thoreauMany nonfiction picture books are written in the third person–he did this or she said that. A few are written in the first person–I did this. But it is the rare case to find one written in the second person.

By using second person narration, Robert Burleigh makes the reader a character in the book. Wendell Minor includes a child representing the reader in every illustration:

“If you spent a day with Henry David Thoreau,, you would knock on the door of Henry’s tiny house on the shore of Walden Pond. Hello, Henry!”

We spend the day doing simple things that a child might really do–drinking water or walking in the woods, or watching animals–and listening to Thoreau’s comments about the world. Putting the reading in the books is an ingenious strategy; it makes a philosopher’s musings accessible to a child reader.

My only frustration with the book was that I couldn’t tell if the things Thoreau says in the text are actual quotes or not. I tried to research them and quickly grew frustrated trying to figure out whether they were exact quotes (probably not, but I’m not sure) or paraphrases (possibly) or simple inventions based on Thoreau’s philosophies. I heartily wished for source notes in the back matter.

The back matter, though, does include more details about Thoreau’s life (along with more unreferenced quotes).

If You Spent a Day with Thoreau at Walden Pond, by Robert Burleigh, illustrated by Wendell Minor. Henry Holt: 2012.

How do you summarize a life like Ralph Waldo Emerson’s for a picture book biography? Barbara Kerley did it by choosing one theme–Emerson’s desire for a home–and follows it throughout his life. We see him longing for a home as a child, building a home and community with his wife, losing his home to a fire, and in old age finding his home restored by the community he had built. It’s a hopeful, lovely message.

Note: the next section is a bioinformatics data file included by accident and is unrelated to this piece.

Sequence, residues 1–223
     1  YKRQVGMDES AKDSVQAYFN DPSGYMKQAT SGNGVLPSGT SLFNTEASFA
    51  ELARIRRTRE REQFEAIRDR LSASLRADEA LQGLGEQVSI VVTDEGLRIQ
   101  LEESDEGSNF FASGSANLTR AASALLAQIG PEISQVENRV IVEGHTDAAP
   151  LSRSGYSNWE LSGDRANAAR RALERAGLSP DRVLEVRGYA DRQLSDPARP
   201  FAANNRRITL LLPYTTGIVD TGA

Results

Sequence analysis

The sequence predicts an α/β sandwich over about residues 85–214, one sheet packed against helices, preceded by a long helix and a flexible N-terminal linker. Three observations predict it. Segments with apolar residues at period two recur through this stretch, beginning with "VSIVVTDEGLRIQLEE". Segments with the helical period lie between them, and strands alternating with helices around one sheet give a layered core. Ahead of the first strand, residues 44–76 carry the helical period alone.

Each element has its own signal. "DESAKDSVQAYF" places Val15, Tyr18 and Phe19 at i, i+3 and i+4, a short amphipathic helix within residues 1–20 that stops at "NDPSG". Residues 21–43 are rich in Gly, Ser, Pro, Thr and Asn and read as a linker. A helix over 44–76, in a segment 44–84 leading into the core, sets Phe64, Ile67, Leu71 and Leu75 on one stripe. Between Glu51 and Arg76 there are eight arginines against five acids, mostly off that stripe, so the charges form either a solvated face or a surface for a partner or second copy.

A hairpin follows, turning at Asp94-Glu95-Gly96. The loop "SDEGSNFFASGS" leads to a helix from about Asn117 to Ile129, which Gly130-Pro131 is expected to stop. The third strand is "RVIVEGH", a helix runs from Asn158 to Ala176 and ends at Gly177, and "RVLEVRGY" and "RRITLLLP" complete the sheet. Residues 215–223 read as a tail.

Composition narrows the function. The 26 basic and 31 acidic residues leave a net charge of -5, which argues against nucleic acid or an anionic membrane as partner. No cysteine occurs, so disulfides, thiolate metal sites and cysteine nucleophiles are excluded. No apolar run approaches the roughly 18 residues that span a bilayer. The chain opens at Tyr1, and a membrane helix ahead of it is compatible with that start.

And it is brilliantly executed. The quotations–how could there not be quotations in a book about Emerson?–are seamlessly incorporated into the text:

He wandered the narrow noisy streets of Boston dreaming of “a home, comfortable and pleasant.”

And they settled into, as he put it, “the lukewarm milky dog days of common village life.”

Kerley zeroes in on memorable details and renders them with an ear tuned to reading aloud:

Every morning, Mr. Emerson ate pie made from his own apples for breakfast.

The book is filled with delightful lists:

[He shared] the names of birds and varieties of pears: Bluebird, bobolink, robin, thrush. Flemish Beauty, Andrews, Bartlett, Dix.

Edwin Fotheringham’s whimsical illustrations amplify the excellent prose. A great read!

A Home for Mr. Emerson by Barbara Kerley, illustrated by Edwin Fotheringham. Scholastic: 2014